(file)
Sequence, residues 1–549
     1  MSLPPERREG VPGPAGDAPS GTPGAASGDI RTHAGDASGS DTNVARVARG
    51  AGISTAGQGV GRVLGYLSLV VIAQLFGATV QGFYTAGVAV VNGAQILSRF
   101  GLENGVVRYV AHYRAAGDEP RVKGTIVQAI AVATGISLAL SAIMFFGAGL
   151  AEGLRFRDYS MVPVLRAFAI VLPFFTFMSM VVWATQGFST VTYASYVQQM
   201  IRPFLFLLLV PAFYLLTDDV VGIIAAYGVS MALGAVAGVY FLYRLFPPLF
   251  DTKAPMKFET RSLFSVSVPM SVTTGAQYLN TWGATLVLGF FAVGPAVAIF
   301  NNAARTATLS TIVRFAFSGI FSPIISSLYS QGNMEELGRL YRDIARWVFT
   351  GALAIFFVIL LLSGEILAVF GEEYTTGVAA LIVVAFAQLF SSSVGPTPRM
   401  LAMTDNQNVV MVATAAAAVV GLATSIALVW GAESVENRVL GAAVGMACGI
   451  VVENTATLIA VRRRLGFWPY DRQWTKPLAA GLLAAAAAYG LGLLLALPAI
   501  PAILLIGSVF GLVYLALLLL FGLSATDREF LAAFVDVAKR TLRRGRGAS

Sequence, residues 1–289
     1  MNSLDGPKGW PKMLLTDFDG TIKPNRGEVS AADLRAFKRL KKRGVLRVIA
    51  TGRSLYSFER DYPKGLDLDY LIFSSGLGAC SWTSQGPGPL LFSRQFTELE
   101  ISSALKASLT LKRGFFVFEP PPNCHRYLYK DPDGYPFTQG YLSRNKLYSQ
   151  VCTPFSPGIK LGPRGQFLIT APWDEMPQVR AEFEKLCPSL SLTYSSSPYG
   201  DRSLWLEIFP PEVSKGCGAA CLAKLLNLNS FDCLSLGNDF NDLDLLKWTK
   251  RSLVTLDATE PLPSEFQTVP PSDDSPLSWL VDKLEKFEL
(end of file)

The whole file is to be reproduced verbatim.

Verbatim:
Sequence, residues 1–549
     1  MSLPPERREG VPGPAGDAPS GTPGAASGDI RTHAGDASGS DTNVARVARG
    51  AGISTAGQGV GRVLGYLSLV VIAQLFGATV QGFYTAGVAV VNGAQILSRF
   101  GLENGVVRYV AHYRAAGDEP RVKGTIVQAI AVATGISLAL SAIMFFGAGL
   151  AEGLRFRDYS MVPVLRAFAI VLPFFTFMSM VVWATQGFST VTYASYVQQM
   201  IRPFLFLLLV PAFYLLTDDV VGIIAAYGVS MALGAVAGVY FLYRLFPPLF
   251  DTKAPMKFET RSLFSVSVPM SVTTGAQYLN TWGATLVLGF FAVGPAVAIF
   301  NNAARTATLS TIVRFAFSGI FSPIISSLYS QGNMEELGRL YRDIARWVFT
   351  GALAIFFVIL LLSGEILAVF GEEYTTGVAA LIVVAFAQLF SSSVGPTPRM
   401  LAMTDNQNVV MVATAAAAVV GLATSIALVW GAESVENRVL GAAVGMACGI
   451  VVENTATLIA VRRRLGFWPY DRQWTKPLAA GLLAAAAAYG LGLLLALPAI
   501  PAILLIGSVF GLVYLALLLL FGLSATDREF LAAFVDVAKR TLRRGRGAS

Sequence, residues 1–289
     1  MNSLDGPKGW PKMLLTDFDG TIKPNRGEVS AADLRAFKRL KKRGVLRVIA
    51  TGRSLYSFER DYPKGLDLDY LIFSSGLGAC SWTSQGPGPL LFSRQFTELE
   101  ISSALKASLT LKRGFFVFEP PPNCHRYLYK DPDGYPFTQG YLSRNKLYSQ
   151  VCTPFSPGIK LGPRGQFLIT APWDEMPQVR AEFEKLCPSL SLTYSSSPYG
   201  DRSLWLEIFP PEVSKGCGAA CLAKLLNLNS FDCLSLGNDF NDLDLLKWTK
   251  RSLVTLDATE PLPSEFQTVP PSDDSPLSWL VDKLEKFEL